Home sales in the Toronto region posted double digit gains in October, but, as an economist with Central 1 Credit Union points out, the pace of sales appears to be decelerating after the frenzied summer period.
Writing in a market brief, Regional Economist Edgard Navarrete said that while the annual gains for the Toronto market were robust, sales on a month-to-month basis declined by over 13 percent.
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According to Navarrete, this represents the most significant monthly sales contraction since April, when the pandemic froze the Toronto market in place. It also marks an end to five consecutive months of sales growth.
“While all year-over-year metrics are up significantly, by double digits, the month-over-month trend paints a different picture. It shows a market that could be slowing down significantly after the summer frenzy fueled by pent up demand and low mortgage rates,” wrote the economist.
Even with the sales slowdown from September to October, 2020 is still blowing 2019 out of the water when it comes to market activity. Navarrete noted that last month exceeded October 2019’s sales total by 24 percent.
That said, the economist believes the dip in sales should be followed closely to ascertain whether it’s merely a blip or the beginning of a new trend.
“Perhaps sufficiently enough people have entered that market that activity will be muted in the resale market for the rest of the year,” Navarrete said, alluding to the idea that pent-up demand held over from the spring has been exhausted over the exceptionally busy summer and early fall months.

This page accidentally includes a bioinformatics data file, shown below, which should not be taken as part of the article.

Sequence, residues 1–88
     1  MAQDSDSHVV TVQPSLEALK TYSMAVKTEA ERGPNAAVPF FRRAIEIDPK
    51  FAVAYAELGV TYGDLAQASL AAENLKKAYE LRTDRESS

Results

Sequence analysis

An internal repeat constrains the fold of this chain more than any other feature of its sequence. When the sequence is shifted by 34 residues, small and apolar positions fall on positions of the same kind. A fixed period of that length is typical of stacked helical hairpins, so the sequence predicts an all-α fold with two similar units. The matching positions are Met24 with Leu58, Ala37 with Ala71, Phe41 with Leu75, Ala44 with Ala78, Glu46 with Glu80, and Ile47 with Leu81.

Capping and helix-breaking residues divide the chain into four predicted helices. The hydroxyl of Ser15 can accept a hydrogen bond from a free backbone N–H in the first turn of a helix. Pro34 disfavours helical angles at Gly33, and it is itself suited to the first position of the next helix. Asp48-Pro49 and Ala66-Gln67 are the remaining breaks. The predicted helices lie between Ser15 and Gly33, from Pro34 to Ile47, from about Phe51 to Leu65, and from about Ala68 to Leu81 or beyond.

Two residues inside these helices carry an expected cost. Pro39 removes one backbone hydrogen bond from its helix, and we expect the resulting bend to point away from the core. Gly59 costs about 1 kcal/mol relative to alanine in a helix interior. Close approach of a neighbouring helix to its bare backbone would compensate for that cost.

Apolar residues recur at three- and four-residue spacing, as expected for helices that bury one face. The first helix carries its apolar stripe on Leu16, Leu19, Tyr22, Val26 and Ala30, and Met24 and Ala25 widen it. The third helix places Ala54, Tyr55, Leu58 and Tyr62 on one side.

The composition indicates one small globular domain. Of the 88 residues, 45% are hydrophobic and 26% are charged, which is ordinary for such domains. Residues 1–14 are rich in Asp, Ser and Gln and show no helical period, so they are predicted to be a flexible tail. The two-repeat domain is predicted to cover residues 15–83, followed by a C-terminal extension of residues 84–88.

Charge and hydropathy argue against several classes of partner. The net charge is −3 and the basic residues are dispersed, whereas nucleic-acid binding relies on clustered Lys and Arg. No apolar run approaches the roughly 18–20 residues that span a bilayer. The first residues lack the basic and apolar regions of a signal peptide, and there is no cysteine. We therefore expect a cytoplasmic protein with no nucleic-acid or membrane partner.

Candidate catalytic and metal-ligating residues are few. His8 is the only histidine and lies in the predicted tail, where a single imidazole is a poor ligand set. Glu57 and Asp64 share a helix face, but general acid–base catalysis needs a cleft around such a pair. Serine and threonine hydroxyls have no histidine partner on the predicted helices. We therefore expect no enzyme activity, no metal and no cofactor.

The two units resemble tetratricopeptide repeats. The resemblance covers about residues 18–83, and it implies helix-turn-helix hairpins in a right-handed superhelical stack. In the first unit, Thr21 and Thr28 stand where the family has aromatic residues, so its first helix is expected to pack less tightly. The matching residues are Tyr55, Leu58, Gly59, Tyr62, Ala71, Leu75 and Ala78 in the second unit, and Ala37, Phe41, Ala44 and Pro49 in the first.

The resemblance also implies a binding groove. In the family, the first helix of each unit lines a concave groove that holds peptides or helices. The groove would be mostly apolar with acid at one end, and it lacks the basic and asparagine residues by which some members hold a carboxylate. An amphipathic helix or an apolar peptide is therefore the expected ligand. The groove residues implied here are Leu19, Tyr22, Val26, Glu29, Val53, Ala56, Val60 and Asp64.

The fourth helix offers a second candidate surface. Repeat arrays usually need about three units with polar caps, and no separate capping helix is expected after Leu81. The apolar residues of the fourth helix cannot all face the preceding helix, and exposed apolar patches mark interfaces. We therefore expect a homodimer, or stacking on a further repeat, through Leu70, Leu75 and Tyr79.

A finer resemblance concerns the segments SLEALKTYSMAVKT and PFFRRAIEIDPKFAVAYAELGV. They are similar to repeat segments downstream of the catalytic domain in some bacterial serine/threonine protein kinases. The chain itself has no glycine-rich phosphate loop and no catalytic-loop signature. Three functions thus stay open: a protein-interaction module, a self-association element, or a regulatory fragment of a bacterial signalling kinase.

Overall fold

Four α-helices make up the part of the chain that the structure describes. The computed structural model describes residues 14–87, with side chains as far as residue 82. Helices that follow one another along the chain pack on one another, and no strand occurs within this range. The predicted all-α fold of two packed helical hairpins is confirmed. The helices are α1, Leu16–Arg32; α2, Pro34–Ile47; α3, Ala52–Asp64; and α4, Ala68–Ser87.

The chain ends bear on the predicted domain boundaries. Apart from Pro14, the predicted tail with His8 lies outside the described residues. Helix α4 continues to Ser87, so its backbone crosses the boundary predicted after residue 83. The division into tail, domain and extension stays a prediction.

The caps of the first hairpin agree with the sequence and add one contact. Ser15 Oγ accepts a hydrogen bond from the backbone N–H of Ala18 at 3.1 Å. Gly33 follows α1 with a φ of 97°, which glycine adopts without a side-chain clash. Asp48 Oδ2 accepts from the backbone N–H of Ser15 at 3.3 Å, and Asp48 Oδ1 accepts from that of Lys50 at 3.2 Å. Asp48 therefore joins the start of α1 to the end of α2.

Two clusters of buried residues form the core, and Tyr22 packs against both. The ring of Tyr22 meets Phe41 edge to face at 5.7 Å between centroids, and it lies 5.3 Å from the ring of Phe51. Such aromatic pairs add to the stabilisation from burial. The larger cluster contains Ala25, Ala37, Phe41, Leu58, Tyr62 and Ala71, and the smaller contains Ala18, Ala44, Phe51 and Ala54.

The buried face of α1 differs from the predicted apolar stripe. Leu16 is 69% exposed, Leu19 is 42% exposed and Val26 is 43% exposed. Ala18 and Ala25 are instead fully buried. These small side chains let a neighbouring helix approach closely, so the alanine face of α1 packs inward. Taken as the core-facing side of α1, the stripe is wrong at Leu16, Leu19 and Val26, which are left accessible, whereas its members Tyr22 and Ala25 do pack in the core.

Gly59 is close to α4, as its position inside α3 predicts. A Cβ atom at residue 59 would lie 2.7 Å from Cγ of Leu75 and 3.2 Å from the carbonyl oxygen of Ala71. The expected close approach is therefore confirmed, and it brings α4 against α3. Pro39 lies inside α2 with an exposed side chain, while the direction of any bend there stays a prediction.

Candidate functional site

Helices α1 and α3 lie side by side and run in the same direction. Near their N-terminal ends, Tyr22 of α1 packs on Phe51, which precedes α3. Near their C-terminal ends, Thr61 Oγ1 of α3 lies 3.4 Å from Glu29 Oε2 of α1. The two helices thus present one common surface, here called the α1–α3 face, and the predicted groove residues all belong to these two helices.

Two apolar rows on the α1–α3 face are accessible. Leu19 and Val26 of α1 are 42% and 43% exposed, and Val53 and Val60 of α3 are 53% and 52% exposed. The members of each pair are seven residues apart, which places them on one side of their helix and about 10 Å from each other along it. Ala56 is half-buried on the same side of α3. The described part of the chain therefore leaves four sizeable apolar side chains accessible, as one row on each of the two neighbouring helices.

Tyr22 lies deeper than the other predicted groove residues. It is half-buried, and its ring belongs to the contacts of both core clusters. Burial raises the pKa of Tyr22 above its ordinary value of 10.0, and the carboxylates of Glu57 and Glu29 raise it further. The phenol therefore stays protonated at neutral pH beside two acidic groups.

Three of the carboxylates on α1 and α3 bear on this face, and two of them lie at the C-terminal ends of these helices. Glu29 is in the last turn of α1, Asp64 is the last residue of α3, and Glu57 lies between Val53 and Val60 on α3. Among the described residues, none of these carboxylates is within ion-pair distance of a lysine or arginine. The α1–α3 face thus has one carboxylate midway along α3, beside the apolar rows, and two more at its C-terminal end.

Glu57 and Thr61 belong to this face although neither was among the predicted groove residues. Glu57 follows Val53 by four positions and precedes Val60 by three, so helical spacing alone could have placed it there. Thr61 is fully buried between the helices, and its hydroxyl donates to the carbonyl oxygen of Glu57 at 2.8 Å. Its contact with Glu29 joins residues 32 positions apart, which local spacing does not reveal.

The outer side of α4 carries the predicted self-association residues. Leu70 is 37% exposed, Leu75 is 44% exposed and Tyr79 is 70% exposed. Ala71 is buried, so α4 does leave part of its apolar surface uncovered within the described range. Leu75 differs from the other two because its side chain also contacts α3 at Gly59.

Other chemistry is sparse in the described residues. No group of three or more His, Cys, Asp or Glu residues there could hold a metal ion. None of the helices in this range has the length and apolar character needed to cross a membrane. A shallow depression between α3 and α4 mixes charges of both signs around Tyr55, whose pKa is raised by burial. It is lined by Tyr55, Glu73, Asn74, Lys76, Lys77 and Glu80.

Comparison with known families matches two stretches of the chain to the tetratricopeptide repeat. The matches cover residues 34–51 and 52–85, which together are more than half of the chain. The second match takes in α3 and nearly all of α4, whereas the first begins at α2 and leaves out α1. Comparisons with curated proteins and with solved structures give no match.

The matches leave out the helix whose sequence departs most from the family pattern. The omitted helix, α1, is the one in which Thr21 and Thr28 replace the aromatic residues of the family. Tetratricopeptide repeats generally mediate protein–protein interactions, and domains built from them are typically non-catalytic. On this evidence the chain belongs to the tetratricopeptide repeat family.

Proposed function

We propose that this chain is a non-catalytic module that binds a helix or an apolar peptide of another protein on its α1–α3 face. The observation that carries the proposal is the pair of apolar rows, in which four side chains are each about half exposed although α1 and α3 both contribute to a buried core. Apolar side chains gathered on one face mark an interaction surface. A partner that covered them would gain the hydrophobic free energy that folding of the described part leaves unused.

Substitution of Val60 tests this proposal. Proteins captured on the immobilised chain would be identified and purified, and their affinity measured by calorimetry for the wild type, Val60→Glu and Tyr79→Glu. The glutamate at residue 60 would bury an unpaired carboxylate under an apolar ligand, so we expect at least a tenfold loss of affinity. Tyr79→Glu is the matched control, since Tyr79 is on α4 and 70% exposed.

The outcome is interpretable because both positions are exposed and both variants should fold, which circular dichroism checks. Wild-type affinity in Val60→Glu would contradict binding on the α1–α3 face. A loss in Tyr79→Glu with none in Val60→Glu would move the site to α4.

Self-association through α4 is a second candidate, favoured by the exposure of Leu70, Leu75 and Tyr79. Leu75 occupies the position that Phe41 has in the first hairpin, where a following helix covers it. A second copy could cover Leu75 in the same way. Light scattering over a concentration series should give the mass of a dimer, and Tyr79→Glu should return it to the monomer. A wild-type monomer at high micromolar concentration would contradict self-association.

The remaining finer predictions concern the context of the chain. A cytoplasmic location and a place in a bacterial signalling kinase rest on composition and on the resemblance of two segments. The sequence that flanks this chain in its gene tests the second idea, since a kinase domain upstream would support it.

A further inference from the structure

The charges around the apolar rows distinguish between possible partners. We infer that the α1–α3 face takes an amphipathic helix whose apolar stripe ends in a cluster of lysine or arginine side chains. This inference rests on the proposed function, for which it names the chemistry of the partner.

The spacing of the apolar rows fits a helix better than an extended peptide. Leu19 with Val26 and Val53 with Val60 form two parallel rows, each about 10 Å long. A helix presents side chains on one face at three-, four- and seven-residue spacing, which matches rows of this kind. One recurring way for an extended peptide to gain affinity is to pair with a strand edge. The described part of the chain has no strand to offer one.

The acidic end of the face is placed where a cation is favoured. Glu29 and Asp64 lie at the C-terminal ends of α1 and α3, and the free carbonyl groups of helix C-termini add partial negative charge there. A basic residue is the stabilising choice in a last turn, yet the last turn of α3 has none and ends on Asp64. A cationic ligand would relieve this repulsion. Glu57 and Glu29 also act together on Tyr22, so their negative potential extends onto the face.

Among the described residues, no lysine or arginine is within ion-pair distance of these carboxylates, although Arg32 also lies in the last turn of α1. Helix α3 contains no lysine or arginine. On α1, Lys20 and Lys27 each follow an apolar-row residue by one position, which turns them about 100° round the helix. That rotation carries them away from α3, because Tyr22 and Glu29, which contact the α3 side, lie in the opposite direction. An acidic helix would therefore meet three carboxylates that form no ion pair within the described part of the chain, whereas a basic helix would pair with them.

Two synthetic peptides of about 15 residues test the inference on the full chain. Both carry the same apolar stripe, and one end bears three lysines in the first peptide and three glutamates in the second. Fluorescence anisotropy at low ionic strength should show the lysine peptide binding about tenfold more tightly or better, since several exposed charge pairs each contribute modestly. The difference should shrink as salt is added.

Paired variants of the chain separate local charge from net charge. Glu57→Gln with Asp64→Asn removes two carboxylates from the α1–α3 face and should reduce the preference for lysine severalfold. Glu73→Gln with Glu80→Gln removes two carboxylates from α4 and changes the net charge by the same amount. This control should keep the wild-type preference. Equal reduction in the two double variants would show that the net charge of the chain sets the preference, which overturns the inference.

He went on to speculate that as home prices continued to rapidly rise through the summer, prospective buyers erred on the side of caution, wary of risking their financial stability during an economically fraught period.
Other industry commentators do not share Navarrete’s cautious market outlook. Toronto Regional Real Estate Board Chief Market Analyst Jason Mercer said the board expects record or near-record breaking home sales for the remainder of 2020.
RBC Senior Economist Robert Hogue said he saw “little in the way of a material cooling” in home buying activity in October’s data. Instead, he focused on the divergence between the red hot detached home market segment and the downtown condo segment, where new listings are soaring.